Investigators have gotten a head start thanks to admissions by ex-ACORN employees.  Several workers said that ACORN expected them to collect 20 completed forms per shift or risk probation and termination, an investigator noted in an affidavit.  One former employee admitted she made up names on forms on days when it was too hot to work outside.  Matthew Henderson, southwest regional director for ACORN, denounced the raid as “a stunt designed perhaps to make them look tough on voter fraud.”  Henderson, revealing more than a little about his group’s covert motives, added that many voters registered through ACORN are “working people and people of color and there may be corners of the political world where a high injection of new voters like those is unsettling some.”  This is the language of the hard Left (e.g., “people of color”), possessed of the notion that an even-handed enforcement of the law is “really” an attempt to disenfranchise racial minorities and the working poor.  Attorney General Ross Miller’s spokesman, Bob Walsh, responded:  “If this were a stunt I would put Ross out there with a shotgun…I’ll grant them their cooperation, though it is grossly dishonest not to bring up the felons in their official statements they released…At the end of the day, it is our job, not ACORN’s, to enforce election law and that is why we acted.”  At least a few people in the state have some balls.

 

Ohio.  Freddie Johnson didn’t expect to be at the center of national attention.  Then again, it’s not every day that a 19-year-old kid working in a cell-phone kiosk in downtown Cleveland gets to register to vote 72 times.  In an interview with the New York Post, Johnson admitted that ACORN activists in the city urged him to keep filing registration cards.  He recalled:  “The ACORN people are everywhere, looking to sign people up.  I tell them I am already registered.  The girl said, ‘You are?’  I say, ‘Yup,” and then say, ‘Can you just sign up again?”  To get him motivated, it often took a small token of appreciation.  “Sometimes, they come up and bribe me with a cigarette, or they’ll give me a dollar to sign up,” Johnson remarked.  He might have gotten away with this, too, had he not used the same information on all cards; election officials are trained to spot and toss out duplicate registrations.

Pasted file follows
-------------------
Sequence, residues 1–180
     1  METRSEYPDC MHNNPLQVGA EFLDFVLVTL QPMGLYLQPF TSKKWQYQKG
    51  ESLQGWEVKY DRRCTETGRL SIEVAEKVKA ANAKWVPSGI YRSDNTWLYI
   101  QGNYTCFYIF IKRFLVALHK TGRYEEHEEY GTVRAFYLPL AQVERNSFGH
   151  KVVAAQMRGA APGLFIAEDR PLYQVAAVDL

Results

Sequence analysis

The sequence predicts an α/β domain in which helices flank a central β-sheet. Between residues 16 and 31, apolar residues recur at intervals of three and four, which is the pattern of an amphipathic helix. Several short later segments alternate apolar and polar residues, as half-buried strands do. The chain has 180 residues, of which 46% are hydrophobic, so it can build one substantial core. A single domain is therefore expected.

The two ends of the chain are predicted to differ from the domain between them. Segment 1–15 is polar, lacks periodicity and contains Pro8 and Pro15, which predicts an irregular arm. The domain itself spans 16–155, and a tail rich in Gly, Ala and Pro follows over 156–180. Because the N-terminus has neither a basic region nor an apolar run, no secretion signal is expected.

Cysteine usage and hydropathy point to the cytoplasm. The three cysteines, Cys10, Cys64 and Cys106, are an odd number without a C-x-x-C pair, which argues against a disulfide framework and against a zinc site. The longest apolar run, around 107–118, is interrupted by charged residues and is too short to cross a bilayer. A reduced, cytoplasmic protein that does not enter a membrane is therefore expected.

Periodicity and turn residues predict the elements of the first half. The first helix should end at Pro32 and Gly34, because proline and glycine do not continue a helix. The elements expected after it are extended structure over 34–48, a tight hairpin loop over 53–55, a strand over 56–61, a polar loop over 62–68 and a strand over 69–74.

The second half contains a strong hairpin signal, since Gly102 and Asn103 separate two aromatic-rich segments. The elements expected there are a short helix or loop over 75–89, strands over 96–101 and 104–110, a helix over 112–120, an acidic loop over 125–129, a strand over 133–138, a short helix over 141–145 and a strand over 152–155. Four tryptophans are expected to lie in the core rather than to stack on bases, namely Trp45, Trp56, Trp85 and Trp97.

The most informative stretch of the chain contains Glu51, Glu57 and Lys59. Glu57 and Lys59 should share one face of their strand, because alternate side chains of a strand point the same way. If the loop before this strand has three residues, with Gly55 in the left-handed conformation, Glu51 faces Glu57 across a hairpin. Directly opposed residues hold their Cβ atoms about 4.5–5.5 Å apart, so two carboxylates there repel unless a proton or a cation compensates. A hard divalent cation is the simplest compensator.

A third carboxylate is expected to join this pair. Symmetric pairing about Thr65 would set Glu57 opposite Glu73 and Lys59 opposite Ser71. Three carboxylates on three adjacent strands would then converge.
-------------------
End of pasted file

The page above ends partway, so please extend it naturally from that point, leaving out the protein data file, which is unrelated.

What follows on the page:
This suggests, scarily, that a whole bunch of hustlers, and not just in Cleveland, might be smart enough to use different names, and have done so.  One Cleveland activist, Lateala Goins, admitted she put her name on multiple voter registrations, and then gave them to ACORN activists to put fake addresses on them.  “You can tell them you’re registered as many times as you want – they do not care,” she said.  Let’s be blunt:  If lots of these people plan to “vote” – and it’s especially possible with absentee balloting – the entire presidential election may hinge on how quickly investigators can uncover ACORN fraud before Election Day

 

Pennsylvania.  Here, perhaps more than anywhere else, ACORN has worked its voter registration magic.  How bad are things?  A retired Pennsylvania Supreme Court Justice, Sandra Newman, recently admitted she is “not confident we can get a fair election” this November.  Philadelphia may be notorious for corruption, but the problem is statewide, observed Pennsylvania Republican State Chairman Robert Gleason.  In Delaware County (south suburban Philadelphia), for instance, Gleason provided copies of complaints from actual voters notified by the election board of their “new” registration.  “I did not submit any application for voter registration,” wrote one voter.  “While the spelling of my name and address is correct, the birth date and driver’s license number are incorrect.”  Another wrote:  “Please have the county investigate this.  I feel my identity is being compromised.”  As in Nevada, ACORN organizers are a motley crew.  One of them was featured on the state’s “Megan’s Law” website as a child molester; other activists had prior convictions for forgery and giving false information to police.